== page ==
David Brooks writes,

In other words, as Cowen makes clear, many of this era’s technological breakthroughs produce enormous happiness gains, but surprisingly little additional economic activity.

This is Tyler Cowen’s Internet story. Lots of value, but not much economic activity.

It feels wrong to me. If I use the Internet, then other people are voluntarily doing something for me, so it meets my criteria for economic activity. I think that what is going on is that I am getting a lot of consumers’ surplus relative to what it costs. That is not stagnation.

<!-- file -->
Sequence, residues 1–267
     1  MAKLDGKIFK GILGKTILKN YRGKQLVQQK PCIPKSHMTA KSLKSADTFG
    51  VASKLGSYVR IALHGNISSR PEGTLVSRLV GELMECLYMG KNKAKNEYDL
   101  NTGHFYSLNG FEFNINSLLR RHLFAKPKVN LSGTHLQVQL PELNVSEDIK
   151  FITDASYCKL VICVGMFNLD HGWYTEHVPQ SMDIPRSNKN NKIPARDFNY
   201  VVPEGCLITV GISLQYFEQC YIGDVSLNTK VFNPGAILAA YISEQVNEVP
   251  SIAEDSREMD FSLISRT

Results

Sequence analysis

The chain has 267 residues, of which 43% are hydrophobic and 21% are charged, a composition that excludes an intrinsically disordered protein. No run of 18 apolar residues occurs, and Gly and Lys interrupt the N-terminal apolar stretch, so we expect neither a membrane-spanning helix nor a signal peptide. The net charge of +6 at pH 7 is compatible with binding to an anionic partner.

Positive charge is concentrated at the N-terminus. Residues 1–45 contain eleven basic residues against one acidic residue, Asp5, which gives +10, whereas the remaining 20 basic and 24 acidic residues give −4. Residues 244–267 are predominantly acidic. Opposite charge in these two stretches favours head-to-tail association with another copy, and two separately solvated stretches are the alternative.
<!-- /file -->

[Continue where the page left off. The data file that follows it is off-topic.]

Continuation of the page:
Imagine that a lot of people became hooked on virtual reality and cut back on purchases of traditional goods and services. To me, that will change the patterns of specialization and trade. Presumably, people will produce less traditional goods and services and instead produce goods and services that are more complementary to virtual reality. Everyone may choose to take more leisure, because virtual reality generates much more happiness per unit of labor. But the end result (and it may take decades for people to adjust) is not mass unemployment, and it is certainly not stagnation. You may find such a society repugnant to contemplate. But, properly measured, its productivity will be far higher than its predecessor.